Federal budget could redefine ageism in the ad industry

Allan Dib
By Allan Dib | 12 October 2020
Allan Dib

The federal budget includes a financial stimulus for employers to hire people under the age of 35.

The federal government will contribute an incentive to the employer of $10,400 per year for anyone employed under the age of 30 and $5,200 per year for someone aged between 30-35. While that is excellent news for those under 35 and employers bottom line; this could fuel further ageism in an industry that is already beset with ageism. 

I think the advertising industry is ripe for exploiting this incentive at a time when the industry expects a flurry of hiring or bring back employees that have been stood down.

The advertising industry already has an ageism problem; this is going to make it a more significant problem

  • The ageism problem in our industry is well documented and, while some agencies are trying to address this, many are not. Many believe ageism is already built into the hiring/firing process - either consciously or unconsciously.
  • I fundamentally believe our industry does not value the skills and experience a person over the age of 45 brings to the industry.
  • Agencies have become, and are becoming increasingly more, focused on the role data and technology has in the decision-making process; rather than thinking and experience. So their investment is generally directed towards technology, not people.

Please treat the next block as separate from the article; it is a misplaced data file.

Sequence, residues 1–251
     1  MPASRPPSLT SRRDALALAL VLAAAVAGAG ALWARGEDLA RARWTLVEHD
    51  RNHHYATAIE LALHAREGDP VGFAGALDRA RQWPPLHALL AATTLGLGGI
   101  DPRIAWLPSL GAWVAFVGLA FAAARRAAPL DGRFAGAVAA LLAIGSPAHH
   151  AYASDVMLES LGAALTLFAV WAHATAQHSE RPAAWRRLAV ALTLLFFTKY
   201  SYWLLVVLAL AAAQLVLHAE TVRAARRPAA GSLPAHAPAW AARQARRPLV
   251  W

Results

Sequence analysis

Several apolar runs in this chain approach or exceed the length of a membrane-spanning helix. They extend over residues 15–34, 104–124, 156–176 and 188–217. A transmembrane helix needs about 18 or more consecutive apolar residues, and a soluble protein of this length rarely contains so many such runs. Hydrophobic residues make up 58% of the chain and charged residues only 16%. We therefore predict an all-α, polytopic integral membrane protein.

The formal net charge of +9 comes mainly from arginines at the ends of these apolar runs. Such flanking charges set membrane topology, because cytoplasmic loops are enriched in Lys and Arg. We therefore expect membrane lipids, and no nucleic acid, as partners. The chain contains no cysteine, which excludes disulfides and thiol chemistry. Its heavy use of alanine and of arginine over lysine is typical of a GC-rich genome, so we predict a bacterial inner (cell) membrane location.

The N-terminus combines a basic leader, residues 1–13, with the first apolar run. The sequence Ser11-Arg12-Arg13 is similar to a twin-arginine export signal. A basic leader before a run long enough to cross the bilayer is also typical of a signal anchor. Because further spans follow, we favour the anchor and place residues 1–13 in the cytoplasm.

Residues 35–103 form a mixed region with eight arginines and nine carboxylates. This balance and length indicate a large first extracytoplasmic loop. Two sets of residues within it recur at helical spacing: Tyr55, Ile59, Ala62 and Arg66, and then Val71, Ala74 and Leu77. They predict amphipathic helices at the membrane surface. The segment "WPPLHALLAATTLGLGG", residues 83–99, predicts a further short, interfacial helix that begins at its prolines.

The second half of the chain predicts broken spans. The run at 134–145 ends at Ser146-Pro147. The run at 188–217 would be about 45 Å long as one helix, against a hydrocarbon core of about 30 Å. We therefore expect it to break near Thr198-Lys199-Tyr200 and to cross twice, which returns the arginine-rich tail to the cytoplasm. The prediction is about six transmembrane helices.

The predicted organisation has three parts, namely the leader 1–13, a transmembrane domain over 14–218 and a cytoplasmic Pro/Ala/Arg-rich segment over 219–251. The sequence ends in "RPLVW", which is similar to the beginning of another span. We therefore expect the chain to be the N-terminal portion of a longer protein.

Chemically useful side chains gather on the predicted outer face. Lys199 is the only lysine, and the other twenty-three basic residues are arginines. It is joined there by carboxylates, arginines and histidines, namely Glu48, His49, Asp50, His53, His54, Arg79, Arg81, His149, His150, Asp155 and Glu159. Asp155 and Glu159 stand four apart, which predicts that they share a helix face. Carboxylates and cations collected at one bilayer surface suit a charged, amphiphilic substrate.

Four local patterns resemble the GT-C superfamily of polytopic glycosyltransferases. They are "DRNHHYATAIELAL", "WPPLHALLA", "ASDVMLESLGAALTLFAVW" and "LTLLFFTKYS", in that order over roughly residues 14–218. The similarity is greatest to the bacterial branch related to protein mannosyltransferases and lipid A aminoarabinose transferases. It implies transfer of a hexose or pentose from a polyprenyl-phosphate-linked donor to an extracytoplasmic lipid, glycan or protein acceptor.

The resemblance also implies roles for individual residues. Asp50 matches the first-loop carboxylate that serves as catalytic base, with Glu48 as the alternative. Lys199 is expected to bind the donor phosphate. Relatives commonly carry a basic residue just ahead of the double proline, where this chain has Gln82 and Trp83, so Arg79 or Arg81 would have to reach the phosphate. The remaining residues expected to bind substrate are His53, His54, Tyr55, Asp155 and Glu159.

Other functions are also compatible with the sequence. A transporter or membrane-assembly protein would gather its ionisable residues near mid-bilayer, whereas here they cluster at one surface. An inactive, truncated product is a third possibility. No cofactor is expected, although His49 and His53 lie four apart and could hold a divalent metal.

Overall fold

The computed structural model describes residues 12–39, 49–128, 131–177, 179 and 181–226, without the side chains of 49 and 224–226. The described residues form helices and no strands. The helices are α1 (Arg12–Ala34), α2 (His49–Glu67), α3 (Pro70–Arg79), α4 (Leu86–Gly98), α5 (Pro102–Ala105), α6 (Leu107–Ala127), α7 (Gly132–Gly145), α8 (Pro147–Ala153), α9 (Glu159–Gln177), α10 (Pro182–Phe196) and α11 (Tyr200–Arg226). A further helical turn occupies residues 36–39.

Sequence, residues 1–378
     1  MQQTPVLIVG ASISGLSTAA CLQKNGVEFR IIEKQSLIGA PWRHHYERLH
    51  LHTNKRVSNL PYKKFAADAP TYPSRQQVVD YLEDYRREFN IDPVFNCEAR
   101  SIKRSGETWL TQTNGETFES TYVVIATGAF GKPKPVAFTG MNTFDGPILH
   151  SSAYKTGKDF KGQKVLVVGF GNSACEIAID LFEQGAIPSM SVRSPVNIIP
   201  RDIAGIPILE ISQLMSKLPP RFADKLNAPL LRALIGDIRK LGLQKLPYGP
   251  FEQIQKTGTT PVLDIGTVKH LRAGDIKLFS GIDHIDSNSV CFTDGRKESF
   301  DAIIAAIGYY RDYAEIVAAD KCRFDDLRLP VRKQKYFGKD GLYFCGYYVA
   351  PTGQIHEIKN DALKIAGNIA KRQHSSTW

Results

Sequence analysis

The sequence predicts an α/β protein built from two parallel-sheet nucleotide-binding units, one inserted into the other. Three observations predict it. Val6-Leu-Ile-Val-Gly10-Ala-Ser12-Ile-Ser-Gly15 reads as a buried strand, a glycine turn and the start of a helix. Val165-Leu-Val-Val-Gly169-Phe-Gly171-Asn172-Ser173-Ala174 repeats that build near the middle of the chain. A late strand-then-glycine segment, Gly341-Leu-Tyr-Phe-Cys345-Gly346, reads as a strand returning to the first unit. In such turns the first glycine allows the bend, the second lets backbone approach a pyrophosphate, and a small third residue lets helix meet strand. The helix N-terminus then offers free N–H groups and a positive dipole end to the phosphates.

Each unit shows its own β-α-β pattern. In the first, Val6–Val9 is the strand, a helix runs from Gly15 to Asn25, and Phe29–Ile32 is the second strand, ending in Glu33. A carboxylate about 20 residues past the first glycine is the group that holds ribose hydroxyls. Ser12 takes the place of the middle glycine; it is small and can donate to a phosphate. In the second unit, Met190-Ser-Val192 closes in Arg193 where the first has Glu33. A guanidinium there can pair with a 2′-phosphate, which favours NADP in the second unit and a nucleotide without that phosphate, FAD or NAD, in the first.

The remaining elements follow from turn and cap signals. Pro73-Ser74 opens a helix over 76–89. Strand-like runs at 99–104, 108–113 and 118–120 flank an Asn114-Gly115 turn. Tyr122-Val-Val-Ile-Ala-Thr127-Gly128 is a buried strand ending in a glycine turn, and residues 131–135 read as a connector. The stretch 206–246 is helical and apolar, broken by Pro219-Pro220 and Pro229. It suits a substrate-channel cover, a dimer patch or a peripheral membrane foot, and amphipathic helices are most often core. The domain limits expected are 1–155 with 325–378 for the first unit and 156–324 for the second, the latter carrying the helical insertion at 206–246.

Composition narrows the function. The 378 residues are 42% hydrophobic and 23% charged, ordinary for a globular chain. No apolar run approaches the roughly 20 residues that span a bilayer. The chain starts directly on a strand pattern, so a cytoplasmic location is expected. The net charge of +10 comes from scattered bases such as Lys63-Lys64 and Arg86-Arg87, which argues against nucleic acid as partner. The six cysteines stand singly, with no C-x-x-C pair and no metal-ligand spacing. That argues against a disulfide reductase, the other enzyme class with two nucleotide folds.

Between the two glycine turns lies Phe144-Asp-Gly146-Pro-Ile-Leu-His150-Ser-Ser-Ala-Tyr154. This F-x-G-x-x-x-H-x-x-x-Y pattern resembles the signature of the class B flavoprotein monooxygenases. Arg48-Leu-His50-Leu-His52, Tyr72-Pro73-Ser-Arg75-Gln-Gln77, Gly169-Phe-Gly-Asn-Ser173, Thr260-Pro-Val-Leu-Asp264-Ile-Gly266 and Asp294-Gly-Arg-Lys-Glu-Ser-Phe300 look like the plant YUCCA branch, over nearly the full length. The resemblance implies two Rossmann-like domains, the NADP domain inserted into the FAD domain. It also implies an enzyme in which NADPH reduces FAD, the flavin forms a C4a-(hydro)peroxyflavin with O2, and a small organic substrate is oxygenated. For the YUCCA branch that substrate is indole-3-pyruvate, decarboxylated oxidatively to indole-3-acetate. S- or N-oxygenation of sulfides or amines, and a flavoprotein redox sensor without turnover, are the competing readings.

Agency leaders are optimistic about the future and expect a pick up in business and hiring

  • Agency leaders expect the worst of the impact of the pandemic on their business to be behind them.
  • They are excited about the impact the federal budget on increased consumer confidence and this increase in consumer confidence will translate into greater agency spend.
  • I believe the changes to tax write-offs will accelerate investment in technology and infrastructure.
  • All of this should result in more agency jobs.

Agencies have been feverishly cutting costs form their business

  • Agency leaders have had the difficult task of keeping the bottom line as healthy as possible at a time when clients have been cutting costs – and this has resulted in most agencies making staff redundant or standing down staff.
  • JobKeeper helped agencies keep staff on payroll, but as this begins to be phased out, agency leaders will have to review staffing levels once again.
  • Agency leaders will now have to decide which staff to keep and which to rehire – taking into account salaries and charge-out rates.

All this does not bode well for people in the industry aged between 36 and 45 years old. I suspect there will be an increased focus on an applicant's age when reviewing resumes and job posts will be more specific about the experience level required for roles (to narrow down eligibility for a position).

If this does happen –

  • we are going to see an exodus of talents and skills from the industry,
  • agencies will not have the right people to mentor juniors and;
  • an overall decrease in strategic thinking in the work.

The implications for those not working at the moment will be catastrophic; it will be harder to find a job and increased hardship for them and their families.

I hope I am an alarmist and that industry leaders do not make hiring decisions based on this incentive, but if they do when we as an industry need to expand our definition of ageism.

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